By Debra Moore
Public Health Director Andrew Woodruff gave his last scheduled update to the Plumas County Board of Supervisors on March 16, using the time to talk about the past year as well as the future of the vaccine.
“It makes sense to look back a little bit and recognize what we have been through as a community,” Woodruff said. His last day on the job is April 2; he will be starting a new position April 12.
Woodruff reminisced that just “a year ago we started talking about this weird disease from Wuhan China,” before recapping some of the life-altering moments from the past year including stay-at-home orders and the public’s reaction to them.
“Plumas County residents helped each other,” Woodruff said. “They organized food drives; they went grocery shopping for one another.”
He mentioned school closures and the lack of socialization. “We struggled through graduations and making them as meaningful as we could,” he said.
He also noted the fact that many residents know people who became sick, dealt with lingering side effects, or even died.
Woodruff referenced the outbreaks in the county jail as well as those at a skilled nursing facility. At one point the county was logging as many as 20 new cases a day, he said, and then the vaccine arrived.
As of Monday evening, March 15, 34 percent of Plumas County residents have received at least one dose of the vaccine. Woodruff said that “nearly all of our 75-plus residents” have been vaccinated and 56 percent of the 65-74 age group.
He mentioned that the county was piloting the state’s MyTurn system with a small group that morning. The goal of Tuesday’s clinic was to establish flow and process, since Saturday a large clinic is scheduled at the fairgrounds with 800 vaccines to be administered. “We will be using the system on that day as well,” he said. Woodruff urged the community to be patient as the county becomes familiar with the new state system.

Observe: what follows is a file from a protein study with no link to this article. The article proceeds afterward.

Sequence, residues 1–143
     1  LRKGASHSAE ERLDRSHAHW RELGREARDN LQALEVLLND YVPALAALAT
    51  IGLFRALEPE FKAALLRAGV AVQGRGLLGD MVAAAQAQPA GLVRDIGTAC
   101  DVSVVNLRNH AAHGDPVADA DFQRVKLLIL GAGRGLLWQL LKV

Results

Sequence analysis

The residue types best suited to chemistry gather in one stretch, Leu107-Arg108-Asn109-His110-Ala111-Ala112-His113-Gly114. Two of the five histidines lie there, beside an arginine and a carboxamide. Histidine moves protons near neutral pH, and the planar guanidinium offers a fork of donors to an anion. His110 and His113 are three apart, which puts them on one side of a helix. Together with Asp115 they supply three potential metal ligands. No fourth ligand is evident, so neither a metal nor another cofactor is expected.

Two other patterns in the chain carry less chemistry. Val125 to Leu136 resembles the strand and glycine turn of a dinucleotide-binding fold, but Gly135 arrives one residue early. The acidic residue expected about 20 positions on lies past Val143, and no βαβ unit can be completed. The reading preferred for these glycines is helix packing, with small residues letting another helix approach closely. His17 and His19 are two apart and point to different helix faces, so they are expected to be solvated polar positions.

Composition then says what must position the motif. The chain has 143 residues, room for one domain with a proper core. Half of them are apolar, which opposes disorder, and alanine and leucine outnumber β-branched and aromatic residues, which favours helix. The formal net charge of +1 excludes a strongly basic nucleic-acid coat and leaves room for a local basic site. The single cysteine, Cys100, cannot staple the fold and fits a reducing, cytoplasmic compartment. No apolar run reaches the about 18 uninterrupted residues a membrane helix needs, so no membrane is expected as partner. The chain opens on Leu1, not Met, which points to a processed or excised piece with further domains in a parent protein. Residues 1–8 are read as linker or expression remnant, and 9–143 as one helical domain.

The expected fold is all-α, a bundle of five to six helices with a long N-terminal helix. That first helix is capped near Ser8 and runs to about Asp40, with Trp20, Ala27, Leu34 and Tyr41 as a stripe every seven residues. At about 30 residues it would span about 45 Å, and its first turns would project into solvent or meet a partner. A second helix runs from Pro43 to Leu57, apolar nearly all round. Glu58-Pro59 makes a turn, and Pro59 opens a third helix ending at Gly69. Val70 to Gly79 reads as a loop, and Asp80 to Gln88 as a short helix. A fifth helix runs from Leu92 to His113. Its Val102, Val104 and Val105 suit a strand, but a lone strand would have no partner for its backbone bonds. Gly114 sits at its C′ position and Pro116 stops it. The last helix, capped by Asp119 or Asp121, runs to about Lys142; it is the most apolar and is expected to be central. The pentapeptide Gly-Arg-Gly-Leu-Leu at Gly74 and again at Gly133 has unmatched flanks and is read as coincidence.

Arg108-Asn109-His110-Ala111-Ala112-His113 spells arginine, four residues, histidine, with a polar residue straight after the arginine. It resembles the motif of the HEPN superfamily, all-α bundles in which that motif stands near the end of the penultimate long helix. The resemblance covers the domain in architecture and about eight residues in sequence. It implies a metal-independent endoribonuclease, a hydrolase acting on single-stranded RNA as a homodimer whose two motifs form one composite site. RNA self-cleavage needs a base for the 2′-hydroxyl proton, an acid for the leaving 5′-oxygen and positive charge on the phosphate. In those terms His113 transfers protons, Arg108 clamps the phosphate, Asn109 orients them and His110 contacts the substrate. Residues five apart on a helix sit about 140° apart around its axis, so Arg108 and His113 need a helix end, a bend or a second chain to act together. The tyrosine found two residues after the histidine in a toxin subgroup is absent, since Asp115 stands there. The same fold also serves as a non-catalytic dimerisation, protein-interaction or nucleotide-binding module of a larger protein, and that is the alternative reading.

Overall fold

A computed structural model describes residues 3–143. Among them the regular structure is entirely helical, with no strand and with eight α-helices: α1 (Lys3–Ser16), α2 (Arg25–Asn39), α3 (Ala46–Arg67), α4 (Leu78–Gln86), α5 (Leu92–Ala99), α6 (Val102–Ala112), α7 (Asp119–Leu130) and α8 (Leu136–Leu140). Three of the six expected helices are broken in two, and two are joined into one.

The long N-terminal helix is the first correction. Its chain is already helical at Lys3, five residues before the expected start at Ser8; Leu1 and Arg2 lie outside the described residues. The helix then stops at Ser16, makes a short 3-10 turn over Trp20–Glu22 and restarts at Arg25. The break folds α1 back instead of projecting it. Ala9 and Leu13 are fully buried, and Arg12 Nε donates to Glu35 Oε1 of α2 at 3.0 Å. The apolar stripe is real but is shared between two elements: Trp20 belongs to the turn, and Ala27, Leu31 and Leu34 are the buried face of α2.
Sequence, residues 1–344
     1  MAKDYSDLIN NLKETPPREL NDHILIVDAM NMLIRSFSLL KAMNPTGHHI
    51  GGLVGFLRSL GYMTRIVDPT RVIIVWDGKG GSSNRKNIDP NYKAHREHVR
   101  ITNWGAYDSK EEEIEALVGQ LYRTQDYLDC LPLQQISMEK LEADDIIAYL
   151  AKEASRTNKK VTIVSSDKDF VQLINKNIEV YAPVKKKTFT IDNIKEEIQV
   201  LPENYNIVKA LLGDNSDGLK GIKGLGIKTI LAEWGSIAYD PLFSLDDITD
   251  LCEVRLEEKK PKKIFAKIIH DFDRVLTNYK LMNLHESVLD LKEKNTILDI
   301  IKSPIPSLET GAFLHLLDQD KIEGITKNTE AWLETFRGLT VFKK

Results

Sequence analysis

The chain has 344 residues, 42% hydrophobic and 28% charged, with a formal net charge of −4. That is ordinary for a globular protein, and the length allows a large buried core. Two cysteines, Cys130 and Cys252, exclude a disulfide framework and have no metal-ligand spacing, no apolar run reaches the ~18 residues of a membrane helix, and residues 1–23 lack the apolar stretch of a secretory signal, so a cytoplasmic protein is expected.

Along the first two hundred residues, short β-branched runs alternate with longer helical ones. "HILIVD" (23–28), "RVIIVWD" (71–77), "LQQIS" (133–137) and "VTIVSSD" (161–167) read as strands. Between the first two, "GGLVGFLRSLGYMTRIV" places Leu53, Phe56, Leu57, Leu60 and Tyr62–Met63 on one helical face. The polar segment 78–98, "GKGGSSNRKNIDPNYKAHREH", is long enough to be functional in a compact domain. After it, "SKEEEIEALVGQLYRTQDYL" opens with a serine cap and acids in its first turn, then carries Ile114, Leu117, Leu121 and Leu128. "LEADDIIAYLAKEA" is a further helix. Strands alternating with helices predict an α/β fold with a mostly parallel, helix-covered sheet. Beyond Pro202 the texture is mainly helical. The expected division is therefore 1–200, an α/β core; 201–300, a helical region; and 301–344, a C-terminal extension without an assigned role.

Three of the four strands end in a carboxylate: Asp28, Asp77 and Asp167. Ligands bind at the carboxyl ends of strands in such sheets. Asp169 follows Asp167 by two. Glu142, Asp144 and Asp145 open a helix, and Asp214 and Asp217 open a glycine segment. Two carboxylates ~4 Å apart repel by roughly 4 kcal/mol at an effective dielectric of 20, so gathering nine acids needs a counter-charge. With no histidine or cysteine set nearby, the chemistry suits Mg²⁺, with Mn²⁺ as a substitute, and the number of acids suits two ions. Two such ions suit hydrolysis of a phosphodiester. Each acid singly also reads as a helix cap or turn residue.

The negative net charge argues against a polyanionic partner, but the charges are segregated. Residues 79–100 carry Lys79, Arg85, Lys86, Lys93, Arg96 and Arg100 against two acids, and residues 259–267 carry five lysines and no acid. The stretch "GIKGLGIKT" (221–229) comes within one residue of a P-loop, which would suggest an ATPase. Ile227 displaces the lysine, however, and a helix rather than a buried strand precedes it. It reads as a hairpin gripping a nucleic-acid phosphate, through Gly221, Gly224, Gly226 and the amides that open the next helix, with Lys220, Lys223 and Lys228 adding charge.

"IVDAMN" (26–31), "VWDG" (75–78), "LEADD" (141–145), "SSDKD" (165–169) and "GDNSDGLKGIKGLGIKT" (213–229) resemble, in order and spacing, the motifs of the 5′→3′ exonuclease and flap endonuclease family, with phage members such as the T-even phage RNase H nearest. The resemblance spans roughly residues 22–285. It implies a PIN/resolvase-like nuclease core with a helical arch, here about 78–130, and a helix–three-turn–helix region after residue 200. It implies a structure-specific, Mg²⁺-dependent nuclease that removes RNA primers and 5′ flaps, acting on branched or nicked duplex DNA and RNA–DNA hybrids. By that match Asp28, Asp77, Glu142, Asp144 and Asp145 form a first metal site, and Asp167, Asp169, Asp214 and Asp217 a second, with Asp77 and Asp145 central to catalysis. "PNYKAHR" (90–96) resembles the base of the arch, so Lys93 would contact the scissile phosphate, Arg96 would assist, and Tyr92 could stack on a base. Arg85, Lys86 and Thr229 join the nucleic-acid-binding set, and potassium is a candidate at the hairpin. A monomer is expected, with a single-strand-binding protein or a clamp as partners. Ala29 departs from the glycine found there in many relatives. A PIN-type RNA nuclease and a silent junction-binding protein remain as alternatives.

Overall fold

Looking forward, next week the county plans to administer 908 second doses, with hopes to add some first doses as well.
District Attorney David Hollister took time to praise Woodruff’s work. He said that in his position or that of the sheriff, they know that most days they will offend someone but, “positions like Andrew’s – it isn’t supposed to happen.” Hollister said that despite being in the middle of the maelstrom, “every day he performed with grace” and that helped the county get through the past year. He said it’s a fact that “not all superheroes wear capes” before presenting Woodruff with a superhero pen from his office.
Plumas County Public Health Officer Dr. Mark Satterfield also commended Woodruff, describing it as “a pleasure and honor” to work with him.
Then Satterfield reminded Plumas County residents to remain diligent and continue using precautions to prevent the spread of the virus. “A little bit of patience for the next month or two and we should be sitting pretty,” he said.